I was born and raised in Tokyo. My work has brought me all over the globe, though I currently reside in Oakland, California.
I suppose what you may be asking yourself is how I ended up at ArtCenter.
When I was still in Tokyo, my dad would frequently go out and play golf. One day, he came home from golf with a man he had not played with before – a man he described as “interesting.”
That interesting gentleman turned out to be famed industrial designer Alan Shimasaki, the former head of American Motors in Detroit. As it turned out, Alan was an ArtCenter grad whose industrial design career had begun in Tokyo.
After my old man did some strategic sweet-talking, Alan indulged me with a visit to his office. Stepping into his space as an unseasoned novice was mind-blowing. I didn’t necessarily understand what “design” meant in any traditional sense – I just saw the work on display and it inspired something primal in me.
Of course, Alan wasn’t able to take me on as a designer in any official capacity. I had no experience and no training to speak of. So I took a job as a receptionist at an international industrial design office. After two months, I asked Alan if he thought I had what it takes to actually become a designer.
He suggested that I go to ArtCenter. Perhaps then, he said, I would be able to answer that question on my own.
To say that I was intimidated would be an understatement. My grasp of English at the time was not great. What’s more is that the work coming out of ArtCenter was nothing short of staggering.
Nevertheless, I remained determined to attend. Later, legendary art teacher Mary Sheridan interviewed me for the initial admissions process. She couldn’t have been kinder to me. After my initial interview went well, I began to feel more comfortable with the idea of an ArtCenter future.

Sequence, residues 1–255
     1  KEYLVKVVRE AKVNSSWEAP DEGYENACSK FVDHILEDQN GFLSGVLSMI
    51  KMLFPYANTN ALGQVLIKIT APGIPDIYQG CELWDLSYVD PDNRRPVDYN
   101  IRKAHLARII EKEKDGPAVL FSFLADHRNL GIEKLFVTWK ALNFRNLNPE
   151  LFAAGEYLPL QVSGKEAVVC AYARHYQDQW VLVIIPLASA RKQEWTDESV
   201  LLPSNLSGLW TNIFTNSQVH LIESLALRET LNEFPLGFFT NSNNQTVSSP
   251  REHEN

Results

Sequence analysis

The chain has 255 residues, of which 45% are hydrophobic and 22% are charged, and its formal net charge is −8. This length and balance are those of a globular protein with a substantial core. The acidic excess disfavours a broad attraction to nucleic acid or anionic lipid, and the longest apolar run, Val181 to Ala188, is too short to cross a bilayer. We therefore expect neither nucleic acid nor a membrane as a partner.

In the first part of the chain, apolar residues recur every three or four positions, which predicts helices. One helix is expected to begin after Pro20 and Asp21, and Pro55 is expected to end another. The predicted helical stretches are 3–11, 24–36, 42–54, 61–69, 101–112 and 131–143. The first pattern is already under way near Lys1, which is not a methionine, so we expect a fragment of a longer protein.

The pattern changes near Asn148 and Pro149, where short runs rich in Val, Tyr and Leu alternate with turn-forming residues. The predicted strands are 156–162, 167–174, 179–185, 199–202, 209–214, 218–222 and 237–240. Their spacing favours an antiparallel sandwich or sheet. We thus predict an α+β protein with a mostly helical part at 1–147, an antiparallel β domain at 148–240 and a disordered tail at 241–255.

There’s a certain amount of pride that comes with attending ArtCenter. To be able to say you made it through the process in one piece gives you a kind of distinction. Even without a perfect grasp of the English language, I was determined to excel in this world at all costs.
I now live in Oakland in what I call peaceful semi-retirement. I get to live close to my daughter, which affords me a measure of inner calm. If I’m being honest with myself, I had to force myself into retirement. Being at ArtCenter instilled a work ethic in me. What once seemed demanding is now achievable. Even talking about ArtCenter now, I am overcome by the dueling sensations of pride and nostalgia – pride for having made it through the wringer and nostalgia for times I’ll never get back.
ArtCenter gave me the confidence to fight for my ideas. To excel in the world of design, one needs to be fluent in the financial side of the medium. ArtCenter equipped me with the knowledge to go toe-to-toe with those in the corporate world and also to value my own sovereignty.
When I say that I was nostalgic for ArtCenter, I don’t mean that my memories of the place are all sunshine and roses. I worked hard at ArtCenter, from my first day to my final term. I endured many sleepless nights and demanding classes, and I worked with some of the best instructors in the nation.
After I graduated, I took my portfolio to the office of Mary Sheridan, who told me that a company she knew of had a recent opening for a senior designer. The rest is history. I’m sure there are ArtCenter instructors who are doing similar favors for their students right now. It’s all part of the cycle of a creative life.
Jo Ann Stabile
BFA 68 Advertising
Former Creative Director of Packing Design at Mattel/Max Factor/Vidal Sassoon